Wooden Alternator

After building the all wooden windmill I felt inspired to make a larger and sturdier version. The following page offers a brief description of building the alternator and testing it. I designed this alternator WHILE I was building it, using mostly intuition and working around supplies available. Undoubtedly many improvements could be made. If you have any ideas or thoughts about this, please share with us via email or our discussion board!

Para Español, traducción de Julio Andrade.

Initial test results--wired in series, reaches 12 volts for charging at 120 rpm, with 6 amps charging current at 300 rpm. Wired in parallel, reaches 12 volts at 240 rpm, with 12 amps charging current at 350 rpm. At 500 rpm it produces about 500 watts. Unfortunately this is the limit of our current testing rig--we need to build a bigger one. More tests and a chart to come!

on the green

Parts and supplies used

To build the alternator I used the following:

10" long piece of shaft, 1/2" diameter.

2 1/2" inner diameter ball bearings

18 surplus NdFeB rare earth magnets

3/4" plywood

5 Pounds 18 AWG magnet wire

1 1/2" drywall screws

3" deck screws


Super Glue

Fiberglass resin for final finishing

plywood disc

I cut out 5 plywood disks on a bandsaw, 9" diameter. In the center of each disc I drilled a 1/2" hole. These disks are laminated on the shaft to build up the armature. In order to hold the armature securely to the shaft, I drilled a hole about 4" from one end 1/8" diameter, and inserted the a pin, 4" long. On one disk I routed a slot, 4" long and 3/16" wide, 3/16" deep, to accept this pin so that it would be locked to the shaft. I generously coated the plywood discs with wood glue and clamped them together on the shaft, then screwed them together with 3" wood screws.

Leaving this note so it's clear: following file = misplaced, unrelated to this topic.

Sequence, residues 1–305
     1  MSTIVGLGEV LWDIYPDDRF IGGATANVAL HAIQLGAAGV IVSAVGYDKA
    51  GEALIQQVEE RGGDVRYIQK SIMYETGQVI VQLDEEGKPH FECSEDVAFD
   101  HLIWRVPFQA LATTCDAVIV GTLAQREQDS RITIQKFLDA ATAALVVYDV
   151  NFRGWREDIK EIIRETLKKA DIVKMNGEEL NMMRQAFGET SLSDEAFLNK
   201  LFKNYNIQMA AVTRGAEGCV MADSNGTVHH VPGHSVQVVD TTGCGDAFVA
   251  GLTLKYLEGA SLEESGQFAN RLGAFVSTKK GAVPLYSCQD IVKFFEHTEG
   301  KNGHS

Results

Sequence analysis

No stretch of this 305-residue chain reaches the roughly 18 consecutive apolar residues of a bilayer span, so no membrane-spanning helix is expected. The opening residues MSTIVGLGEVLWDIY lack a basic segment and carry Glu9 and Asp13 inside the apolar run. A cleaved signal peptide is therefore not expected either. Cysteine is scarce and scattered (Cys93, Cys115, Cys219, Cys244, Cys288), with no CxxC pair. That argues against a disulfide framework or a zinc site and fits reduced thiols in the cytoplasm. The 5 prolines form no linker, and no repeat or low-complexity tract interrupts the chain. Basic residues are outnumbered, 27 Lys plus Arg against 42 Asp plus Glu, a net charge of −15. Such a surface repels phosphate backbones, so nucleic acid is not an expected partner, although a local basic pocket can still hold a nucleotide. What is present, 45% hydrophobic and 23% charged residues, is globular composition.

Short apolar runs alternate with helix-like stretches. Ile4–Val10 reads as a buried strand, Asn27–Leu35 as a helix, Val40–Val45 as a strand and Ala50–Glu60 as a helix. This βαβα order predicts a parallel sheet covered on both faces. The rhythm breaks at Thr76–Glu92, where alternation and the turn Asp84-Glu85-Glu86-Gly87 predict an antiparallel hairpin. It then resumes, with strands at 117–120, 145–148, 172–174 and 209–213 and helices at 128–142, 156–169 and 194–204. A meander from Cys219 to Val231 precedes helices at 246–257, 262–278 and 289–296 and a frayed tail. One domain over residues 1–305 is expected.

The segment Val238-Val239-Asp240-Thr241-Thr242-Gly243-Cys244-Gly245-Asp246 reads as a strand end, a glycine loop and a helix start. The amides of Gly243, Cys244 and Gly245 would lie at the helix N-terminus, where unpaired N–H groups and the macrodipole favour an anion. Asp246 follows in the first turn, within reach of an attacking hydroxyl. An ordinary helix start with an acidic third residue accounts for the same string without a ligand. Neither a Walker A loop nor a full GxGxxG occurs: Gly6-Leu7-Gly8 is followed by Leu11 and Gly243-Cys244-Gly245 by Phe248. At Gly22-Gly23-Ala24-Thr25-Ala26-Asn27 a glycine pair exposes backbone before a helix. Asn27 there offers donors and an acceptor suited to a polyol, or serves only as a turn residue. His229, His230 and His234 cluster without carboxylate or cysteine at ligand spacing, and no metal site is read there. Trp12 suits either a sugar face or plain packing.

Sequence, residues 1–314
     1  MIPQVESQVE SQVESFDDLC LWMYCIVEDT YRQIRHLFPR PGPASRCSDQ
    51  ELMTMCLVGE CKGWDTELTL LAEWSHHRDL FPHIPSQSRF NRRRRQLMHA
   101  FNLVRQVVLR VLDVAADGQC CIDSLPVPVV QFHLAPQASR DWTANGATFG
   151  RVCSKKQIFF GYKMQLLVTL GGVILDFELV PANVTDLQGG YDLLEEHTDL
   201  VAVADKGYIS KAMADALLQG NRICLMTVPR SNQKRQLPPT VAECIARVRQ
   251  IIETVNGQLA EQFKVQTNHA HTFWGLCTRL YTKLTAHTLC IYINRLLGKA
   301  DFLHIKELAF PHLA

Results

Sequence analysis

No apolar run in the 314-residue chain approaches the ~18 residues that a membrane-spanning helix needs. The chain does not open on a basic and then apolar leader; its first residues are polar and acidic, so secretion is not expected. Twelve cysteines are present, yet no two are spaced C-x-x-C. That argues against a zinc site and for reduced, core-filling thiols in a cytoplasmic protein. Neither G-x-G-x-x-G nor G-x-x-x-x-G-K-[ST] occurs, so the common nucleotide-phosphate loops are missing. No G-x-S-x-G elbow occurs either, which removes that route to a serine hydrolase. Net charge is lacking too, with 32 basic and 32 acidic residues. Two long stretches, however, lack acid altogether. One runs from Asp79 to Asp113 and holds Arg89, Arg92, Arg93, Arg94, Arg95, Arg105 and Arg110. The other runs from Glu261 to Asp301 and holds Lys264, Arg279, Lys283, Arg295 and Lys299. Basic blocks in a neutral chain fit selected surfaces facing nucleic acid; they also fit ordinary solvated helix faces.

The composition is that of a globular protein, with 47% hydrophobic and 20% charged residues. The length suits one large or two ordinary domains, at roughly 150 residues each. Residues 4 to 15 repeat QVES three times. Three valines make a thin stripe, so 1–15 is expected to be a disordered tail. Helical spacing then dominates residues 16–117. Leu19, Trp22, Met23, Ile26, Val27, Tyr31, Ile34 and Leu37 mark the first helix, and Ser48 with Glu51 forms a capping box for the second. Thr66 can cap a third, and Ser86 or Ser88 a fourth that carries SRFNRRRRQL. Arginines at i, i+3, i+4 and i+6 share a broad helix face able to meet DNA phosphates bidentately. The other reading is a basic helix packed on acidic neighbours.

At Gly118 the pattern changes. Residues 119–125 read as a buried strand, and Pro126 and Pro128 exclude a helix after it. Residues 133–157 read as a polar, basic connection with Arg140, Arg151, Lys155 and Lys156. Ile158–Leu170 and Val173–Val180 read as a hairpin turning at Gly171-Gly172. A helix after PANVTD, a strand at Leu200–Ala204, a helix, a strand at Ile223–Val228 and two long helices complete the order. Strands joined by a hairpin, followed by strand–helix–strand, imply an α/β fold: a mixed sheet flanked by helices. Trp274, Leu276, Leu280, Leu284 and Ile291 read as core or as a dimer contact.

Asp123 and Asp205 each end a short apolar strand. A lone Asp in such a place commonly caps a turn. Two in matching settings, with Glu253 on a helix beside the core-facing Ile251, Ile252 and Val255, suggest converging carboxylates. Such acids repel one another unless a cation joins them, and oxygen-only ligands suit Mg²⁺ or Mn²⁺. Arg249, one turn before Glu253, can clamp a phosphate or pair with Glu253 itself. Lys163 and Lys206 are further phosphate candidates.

on the lathe

On the metal lathe (a wood lathe would work fine) I evened up the armature so that the diameter is approx 8.75". In the center of the armature I cut a slot 3/16" deep exactly wide enough to accept the magnets (1.74"). The magnets are laid in with alternating poles facing up. This particular magnet is available with either North or South on the outside. This alternator requires 9 of each variety. The diameter is such that the magnets stick out from the wooden surface of the armature, so the total diameter, magnets included of the armature is just short of 9.25". These magnets have an arc much more acute than that of the armature, so it looks kind of "lumpy"! I don't think this is a problem. Custom magnets simply cost too much, it often pays to work with that which is available. In order for 18 magnets to fit around the armature, there is a small space between each magnet (approx 0.10"). For spacers, I used 1" drywall screws, which were removed after the glue dried. Since they are tapered at the top, simply screwing them in deeper provides for a larger gap between the magnets, so...with a little patience, it is easy to adjust the screws and get the magnets evenly spaced around the armature.

a gooey mess

Once all the magnets were pressed in place, properly spaced with screws, I glued them in with epoxy. As a clamp, I simply tied a rope around the magnets and tightened it with a stick through the knot. When the glue started to set up hard, I removed the screws and applied a new coat of glue over the entire surface of the alternator. This not only aids in holding down the magnets, but it will protect the alternator from moisture.